without showing any signs of imperial ambitions.
Then they listened to Mohammed, mounted their horses and
 in less than a century they had pushed to the heart of Europe
and proclaimed the glories of Allah, "the only God," and
Mohammed, "the prophet of the only God," to the frightened
peasants of France.
The story of Ahmed, the son of Abdallah and Aminah
(usually known as Mohammed, or "he who will be praised,")
reads like a chapter in the "Thousand and One Nights." He
was a camel-driver, born in Mecca. He seems to have been an
epileptic and he suffered from spells of unconsciousness when
he dreamed strange dreams and heard the voice of the angel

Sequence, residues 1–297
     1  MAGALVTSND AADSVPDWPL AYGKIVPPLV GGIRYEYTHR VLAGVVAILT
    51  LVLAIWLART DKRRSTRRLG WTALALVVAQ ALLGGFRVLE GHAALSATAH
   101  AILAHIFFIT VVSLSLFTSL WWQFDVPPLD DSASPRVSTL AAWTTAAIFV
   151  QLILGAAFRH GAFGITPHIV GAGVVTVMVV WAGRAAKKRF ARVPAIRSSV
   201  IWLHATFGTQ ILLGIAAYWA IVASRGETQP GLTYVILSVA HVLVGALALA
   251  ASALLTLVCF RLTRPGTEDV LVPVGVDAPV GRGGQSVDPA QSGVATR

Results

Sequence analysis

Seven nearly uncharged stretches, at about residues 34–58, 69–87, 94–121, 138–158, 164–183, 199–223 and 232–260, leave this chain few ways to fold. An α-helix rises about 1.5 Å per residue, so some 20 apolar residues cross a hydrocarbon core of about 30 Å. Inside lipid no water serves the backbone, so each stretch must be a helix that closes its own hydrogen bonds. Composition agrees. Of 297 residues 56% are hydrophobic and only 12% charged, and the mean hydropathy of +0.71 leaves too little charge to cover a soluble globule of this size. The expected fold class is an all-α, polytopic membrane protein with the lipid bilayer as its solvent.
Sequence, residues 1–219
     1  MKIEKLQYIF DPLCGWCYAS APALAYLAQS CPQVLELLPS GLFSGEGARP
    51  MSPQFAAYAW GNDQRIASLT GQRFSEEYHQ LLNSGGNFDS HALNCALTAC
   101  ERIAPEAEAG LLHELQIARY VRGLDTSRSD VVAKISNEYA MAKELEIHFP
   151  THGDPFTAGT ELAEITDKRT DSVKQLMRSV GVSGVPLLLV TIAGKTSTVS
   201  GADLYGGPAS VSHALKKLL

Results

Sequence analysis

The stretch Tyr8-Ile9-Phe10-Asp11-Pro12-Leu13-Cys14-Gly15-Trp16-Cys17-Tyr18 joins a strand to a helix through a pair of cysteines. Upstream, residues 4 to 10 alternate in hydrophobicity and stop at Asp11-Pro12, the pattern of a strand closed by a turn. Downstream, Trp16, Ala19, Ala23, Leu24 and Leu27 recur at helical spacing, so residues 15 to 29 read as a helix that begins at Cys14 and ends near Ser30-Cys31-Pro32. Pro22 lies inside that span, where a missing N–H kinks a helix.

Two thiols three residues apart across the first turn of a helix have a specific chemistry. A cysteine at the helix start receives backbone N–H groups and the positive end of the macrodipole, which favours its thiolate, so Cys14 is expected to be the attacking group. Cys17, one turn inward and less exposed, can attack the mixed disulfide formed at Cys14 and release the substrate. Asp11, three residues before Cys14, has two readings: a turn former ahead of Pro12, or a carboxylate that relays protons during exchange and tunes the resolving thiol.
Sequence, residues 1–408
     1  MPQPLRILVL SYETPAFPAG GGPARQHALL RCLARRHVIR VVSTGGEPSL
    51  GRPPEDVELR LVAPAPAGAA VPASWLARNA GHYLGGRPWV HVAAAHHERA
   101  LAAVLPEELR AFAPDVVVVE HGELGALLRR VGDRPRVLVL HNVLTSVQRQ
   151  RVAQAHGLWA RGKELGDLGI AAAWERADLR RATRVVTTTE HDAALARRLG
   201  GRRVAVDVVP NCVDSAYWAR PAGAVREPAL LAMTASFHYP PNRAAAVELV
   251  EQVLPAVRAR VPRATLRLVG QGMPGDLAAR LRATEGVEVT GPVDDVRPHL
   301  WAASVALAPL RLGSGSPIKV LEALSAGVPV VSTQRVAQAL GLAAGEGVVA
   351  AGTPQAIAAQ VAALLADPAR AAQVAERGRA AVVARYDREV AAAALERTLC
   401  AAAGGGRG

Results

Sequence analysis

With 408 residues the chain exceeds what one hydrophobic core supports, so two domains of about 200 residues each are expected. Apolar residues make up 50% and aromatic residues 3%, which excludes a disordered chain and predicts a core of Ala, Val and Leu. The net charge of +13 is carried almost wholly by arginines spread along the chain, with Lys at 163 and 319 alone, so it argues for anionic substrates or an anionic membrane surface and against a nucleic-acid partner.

Gabriel, whose words were afterwards written down in a book
called the Koran. His work as a caravan leader carried him
all over Arabia and he was constantly falling in with Jewish
merchants and with Christian traders, and he came to see that
the worship of a single God was a very excellent thing. His
own people, the Arabs, still revered queer stones and trunks
of trees as their ancestors had done, tens of thousands of
years before. In Mecca, their holy city, stood a little square
building, the Kaaba, full of idols and strange odds and ends
of Hoo-doo worship.
Mohammed decided to be the Moses of the Arab people. He
could not well be a prophet and a camel-driver at the same time.
So he made himself independent by marrying his employer, the
rich widow Chadija. Then he told his neighbours in Mecca
that he was the long-expected prophet sent by Allah to save the
world. The neighbours laughed most heartily and when Mohammed
continued to annoy them with his speeches they decided to kill him.
They regarded him as a lunatic and a public bore who deserved no mercy.
Mohammed heard of the plot and in the dark of night he fled to Medina